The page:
more information, please go to: http://www.irs.gov/newsroom/article/0,,id=154848,00.html
three major credit reporting agencies--Equifax, Experian, and TransUnion--have
recently announced that they will be introducing a new credit scoring
system, "VantageScore." It is expected that the new scoring
system will be able to provide a consistent credit score across
all three credit reporting agencies. The new VantageScore ratings
will range from 501-990 (the higher the score, the lower the risk
for creditors), as opposed to current FICO scores which range from
300-850. The new scores may also be "graded" using the
familiar academic scoring scale, looking something like this:
more information on VantageScore, please consult their web site:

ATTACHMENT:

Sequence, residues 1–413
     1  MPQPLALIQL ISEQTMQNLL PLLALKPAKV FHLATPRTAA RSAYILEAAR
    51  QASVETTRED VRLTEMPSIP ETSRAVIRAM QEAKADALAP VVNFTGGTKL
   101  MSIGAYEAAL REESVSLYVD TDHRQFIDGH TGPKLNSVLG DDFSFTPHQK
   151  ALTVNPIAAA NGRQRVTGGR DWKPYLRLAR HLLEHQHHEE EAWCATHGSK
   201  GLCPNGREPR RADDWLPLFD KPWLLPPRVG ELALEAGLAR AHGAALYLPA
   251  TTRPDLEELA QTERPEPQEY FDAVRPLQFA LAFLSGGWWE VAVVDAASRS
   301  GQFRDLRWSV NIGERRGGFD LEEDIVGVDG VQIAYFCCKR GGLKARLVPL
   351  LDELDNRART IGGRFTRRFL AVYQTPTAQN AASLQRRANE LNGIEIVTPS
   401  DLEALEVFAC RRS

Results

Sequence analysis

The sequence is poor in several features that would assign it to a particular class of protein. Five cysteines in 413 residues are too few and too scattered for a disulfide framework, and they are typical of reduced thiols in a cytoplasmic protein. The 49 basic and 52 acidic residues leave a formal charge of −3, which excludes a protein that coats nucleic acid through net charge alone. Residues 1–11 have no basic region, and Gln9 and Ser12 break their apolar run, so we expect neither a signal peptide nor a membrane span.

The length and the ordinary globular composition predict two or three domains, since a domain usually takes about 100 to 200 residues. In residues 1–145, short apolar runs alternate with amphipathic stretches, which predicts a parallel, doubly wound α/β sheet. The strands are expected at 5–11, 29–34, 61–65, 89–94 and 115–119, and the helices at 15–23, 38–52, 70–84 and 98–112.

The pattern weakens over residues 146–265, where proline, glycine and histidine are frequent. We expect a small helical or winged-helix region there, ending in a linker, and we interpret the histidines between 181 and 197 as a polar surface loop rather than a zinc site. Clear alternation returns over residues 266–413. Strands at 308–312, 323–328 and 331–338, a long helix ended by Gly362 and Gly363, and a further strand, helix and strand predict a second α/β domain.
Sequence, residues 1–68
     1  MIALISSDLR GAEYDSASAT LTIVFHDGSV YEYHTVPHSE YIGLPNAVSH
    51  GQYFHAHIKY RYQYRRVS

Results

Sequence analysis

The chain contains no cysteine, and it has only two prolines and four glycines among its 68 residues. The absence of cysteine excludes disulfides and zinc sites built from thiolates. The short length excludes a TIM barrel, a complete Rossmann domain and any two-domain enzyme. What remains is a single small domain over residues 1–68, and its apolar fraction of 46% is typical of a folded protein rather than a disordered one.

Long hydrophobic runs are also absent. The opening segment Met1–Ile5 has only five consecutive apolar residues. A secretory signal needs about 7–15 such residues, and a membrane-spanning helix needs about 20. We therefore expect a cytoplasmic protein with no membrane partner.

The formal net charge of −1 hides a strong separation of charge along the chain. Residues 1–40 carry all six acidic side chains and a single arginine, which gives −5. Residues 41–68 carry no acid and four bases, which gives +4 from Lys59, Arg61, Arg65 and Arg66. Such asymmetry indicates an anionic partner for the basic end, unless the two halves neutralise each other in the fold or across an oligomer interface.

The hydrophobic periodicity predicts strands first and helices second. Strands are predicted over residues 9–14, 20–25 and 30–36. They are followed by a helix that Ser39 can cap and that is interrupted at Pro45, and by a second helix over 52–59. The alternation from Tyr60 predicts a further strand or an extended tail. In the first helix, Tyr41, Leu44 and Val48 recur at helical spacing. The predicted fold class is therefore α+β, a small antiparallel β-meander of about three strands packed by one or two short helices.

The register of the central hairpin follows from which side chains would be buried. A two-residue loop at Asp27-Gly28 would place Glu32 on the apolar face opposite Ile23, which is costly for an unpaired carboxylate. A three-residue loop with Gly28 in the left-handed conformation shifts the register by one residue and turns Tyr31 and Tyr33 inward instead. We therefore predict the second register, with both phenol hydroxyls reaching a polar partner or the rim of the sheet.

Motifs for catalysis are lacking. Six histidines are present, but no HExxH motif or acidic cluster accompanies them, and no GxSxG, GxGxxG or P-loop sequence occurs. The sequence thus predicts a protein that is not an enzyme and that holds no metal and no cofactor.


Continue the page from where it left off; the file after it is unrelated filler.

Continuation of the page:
suggests these 7 steps to prioritize your finances:
. Create a "starter" emergency fund. Bankrate.com considers
$1,000 to be enough for most people but if you expect
that you may experience more costly emergencies or if your income
is a little higher then you may want to save more.
. Pay off all of your debts one at a time until they are paid off.
. Once you have paid down your debt the next step is to build your
emergency fund to cover 3-6 months of expenses.
. Fully fund your pre-tax retirement savings.
. Create a college fund for your kids.
. Pay off your mortgage early.
. Build wealth and enjoy your financial independence.
read this article in its entirety, please go to: http://www.bankrate.com/brm/news/advice/20040317a2.asp.
Financial Aid Office at Cal State Fullerton offers this advice regarding
choosing a lender, it's important to recognize you may have a business
relationship with this lender for 10 years or even longer after